Listen Here: weekly Appalachian History podcast posts today

Posted by | February 7, 2010

We post a new episode of Appalachian History weekly podcast every Sunday. You can start listening right away by clicking the podcast icon over on the left side of your screen. If you’d rather grab the show off itunes for later listening, click here:

Dave Tabler - Appalachian History - Appalachian History

We open today’s show with a look at the childhood forces that shaped Roy Rogers before he became Roy Rogers. One of Hollywood’s most famous cowboys wasn’t raised on a western ponderosa. Leonard Slye grew up west of Lucasville, OH on a small farm in Duck Run.

We’ll pause in between things to catch up on a Calendar of Events in the region this week, with special attention paid to events that emphasize heritage and local color.

The Dust Bowl crisis of the early 1930s for the first time brought national attention to the acute dangers of soil erosion. Southern Appalachian farms, for their part, suffered from poor soil conditions and erosion as a result of practices that maximized the short-term potential of corn, tobacco and cotton cash crops at the expense of the soil’s long-term health. But in early 1938 South Carolina became the first state in the nation to implement a farm conservation plan to combat these imbalances.

Next, we’ll hear a leg stretcher of a yarn from one Fess Whitaker, of Letcher County, KY. Whitaker had been elected county jailer in 1917 and decided to run for county judge in 1921. But while on the campaign trail he got caught up in a street fight, a disturbance of the peace that led to his incarceration in the very jail he supervised, and earned him the nickname “The Jailed Jailer.” While imprisoned, Whitaker continued his campaign and was eventually elected.

William Ganaway Russell had the good fortune to buy a farm exactly halfway between Walhalla SC and Highlands NC.
 There was no railway service between Walhalla and Highlands in the mid-nineteenth century. Travelers would have to ride horseback or via stagecoach on the Highlands Highway for two days to get to Highlands, 30 miles away. And waiting for them at the end of their first day’s ride, along the banks of the Chattooga River near the old Cherokee settlement of Tsatugi, sat the Russell farmstead and inn.

Benjamin Parks is credited with being the person who discovered gold in Georgia in 1828, west of the Chestatee River in Lumpkin County. He made some money from his find, but the man he sold his prospecting lease made even more. “That is the peculiarity of gold mining,” he observes in this 1894 interview in the Atlanta Constitution. “You will go day after day exhausting your means and your strength until you give it up. Then the first man who touches the spot, finds the gold the first opening he makes. It is just like gambling; all luck.”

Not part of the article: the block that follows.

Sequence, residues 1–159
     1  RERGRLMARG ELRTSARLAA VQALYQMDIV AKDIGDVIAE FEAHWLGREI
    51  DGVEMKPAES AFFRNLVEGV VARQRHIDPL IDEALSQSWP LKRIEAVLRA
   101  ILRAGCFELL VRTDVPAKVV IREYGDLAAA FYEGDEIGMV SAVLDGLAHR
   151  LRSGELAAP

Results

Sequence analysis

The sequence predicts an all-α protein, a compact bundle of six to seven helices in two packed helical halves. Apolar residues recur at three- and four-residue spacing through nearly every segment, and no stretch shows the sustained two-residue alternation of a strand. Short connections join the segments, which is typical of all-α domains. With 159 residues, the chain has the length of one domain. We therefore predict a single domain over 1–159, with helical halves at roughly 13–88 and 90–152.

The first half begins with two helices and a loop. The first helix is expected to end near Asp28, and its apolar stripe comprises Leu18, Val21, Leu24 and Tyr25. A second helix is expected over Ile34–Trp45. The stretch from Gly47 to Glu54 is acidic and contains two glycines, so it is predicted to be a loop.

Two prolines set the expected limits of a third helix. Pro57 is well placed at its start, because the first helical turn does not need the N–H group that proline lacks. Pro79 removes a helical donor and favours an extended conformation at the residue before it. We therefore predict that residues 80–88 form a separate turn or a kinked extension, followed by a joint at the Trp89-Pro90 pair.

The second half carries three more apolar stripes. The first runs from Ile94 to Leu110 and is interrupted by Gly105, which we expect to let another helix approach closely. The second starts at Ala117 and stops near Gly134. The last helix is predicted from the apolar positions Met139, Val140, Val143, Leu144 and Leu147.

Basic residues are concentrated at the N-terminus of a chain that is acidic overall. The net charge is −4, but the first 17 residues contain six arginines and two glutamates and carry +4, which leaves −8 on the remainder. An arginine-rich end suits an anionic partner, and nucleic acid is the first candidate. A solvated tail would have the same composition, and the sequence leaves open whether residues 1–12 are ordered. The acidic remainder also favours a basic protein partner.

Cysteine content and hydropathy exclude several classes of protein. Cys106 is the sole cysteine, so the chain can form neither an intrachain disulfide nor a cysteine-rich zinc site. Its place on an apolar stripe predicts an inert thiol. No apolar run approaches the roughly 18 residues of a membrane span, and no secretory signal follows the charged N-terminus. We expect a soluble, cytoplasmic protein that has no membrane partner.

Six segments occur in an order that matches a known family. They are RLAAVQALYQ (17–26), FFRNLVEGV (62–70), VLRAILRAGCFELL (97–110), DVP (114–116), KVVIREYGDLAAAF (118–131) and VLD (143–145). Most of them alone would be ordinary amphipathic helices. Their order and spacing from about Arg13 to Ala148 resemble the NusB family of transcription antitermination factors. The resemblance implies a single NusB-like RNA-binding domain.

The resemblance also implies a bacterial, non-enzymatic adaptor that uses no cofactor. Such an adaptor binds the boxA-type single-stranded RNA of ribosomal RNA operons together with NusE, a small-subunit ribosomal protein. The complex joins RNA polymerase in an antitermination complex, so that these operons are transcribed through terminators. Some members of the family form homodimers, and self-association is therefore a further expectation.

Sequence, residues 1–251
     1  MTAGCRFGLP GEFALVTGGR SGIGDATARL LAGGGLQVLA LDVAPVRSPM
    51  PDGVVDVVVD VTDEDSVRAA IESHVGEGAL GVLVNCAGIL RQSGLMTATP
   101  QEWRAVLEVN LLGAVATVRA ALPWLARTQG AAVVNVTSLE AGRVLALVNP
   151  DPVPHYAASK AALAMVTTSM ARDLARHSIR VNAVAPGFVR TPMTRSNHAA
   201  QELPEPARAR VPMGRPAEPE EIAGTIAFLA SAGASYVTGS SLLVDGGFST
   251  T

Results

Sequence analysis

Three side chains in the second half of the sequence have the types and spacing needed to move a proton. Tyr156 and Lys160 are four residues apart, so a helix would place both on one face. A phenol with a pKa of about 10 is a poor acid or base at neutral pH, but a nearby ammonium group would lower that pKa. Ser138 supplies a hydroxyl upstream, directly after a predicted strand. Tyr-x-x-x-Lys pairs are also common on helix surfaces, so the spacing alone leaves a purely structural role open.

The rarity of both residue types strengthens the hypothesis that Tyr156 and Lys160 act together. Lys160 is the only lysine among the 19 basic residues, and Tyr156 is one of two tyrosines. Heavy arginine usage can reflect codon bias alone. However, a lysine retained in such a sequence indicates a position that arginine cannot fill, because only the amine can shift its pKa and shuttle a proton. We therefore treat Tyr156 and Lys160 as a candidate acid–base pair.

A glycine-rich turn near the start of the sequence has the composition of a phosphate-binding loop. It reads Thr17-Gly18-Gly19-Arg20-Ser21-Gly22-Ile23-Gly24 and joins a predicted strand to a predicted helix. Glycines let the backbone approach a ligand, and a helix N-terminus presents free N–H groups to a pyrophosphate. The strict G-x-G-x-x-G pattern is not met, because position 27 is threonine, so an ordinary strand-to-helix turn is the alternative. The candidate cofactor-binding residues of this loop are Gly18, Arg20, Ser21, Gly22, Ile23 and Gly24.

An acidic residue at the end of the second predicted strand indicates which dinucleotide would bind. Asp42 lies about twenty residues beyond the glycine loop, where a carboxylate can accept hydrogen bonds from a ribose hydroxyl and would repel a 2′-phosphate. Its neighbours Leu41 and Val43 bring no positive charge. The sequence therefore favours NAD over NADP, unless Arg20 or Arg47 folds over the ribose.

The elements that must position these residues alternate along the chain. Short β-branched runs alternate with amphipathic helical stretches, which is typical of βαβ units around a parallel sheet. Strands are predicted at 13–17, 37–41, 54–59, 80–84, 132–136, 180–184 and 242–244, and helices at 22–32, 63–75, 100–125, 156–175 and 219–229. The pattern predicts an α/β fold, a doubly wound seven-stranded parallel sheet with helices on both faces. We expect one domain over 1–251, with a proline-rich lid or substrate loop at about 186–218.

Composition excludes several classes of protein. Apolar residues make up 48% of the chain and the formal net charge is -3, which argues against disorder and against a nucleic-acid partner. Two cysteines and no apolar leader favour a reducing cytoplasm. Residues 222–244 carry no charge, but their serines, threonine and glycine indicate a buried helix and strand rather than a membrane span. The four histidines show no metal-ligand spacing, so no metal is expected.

We’ll wrap things up with the story of the largest Waldensian colony in the world outside of Italy–Valdese, NC. The Waldensians are a Christian sect founded in the 12th century by Peter Valdo, a merchant of Lyons, France who lived only a short time before St. Francis. For many years the group was confined to a rugged area in the Cottian Alps along the boundary between Italy and France. King Louis XIV was determined not to let Protestant beliefs seep into Catholic-driven France and persecuted the Waldensians mercilessly. Toward the later part of the 19th century many Waldenses emigrated to North and South America to form missionary colonies—no longer because of religious persecution but because their small strip of land in the Alps had become overcrowded.

And, thanks to blogger Jeremy Stephens of Jeremy’s Saggy Record Cabinet we’ll be able to enjoy some authentic Appalachian music by Wade Mainer in a 1937 recording of “Starting Life Anew with You.”

So, call your old blue-tick hound up on the porch, fire up your corn-cob pipe, and settle in for a dose of Appalachian History.


Leave a Reply

+ 2 = 4

↑ Back to top

This collection is copyright ©2006-2018 by Dave Tabler. All visuals are used in accordance with the Fair Use Law (Per Title 17—United States Code—Section 107) and remain the property of copyright owners. Site Design by Amaru Interactive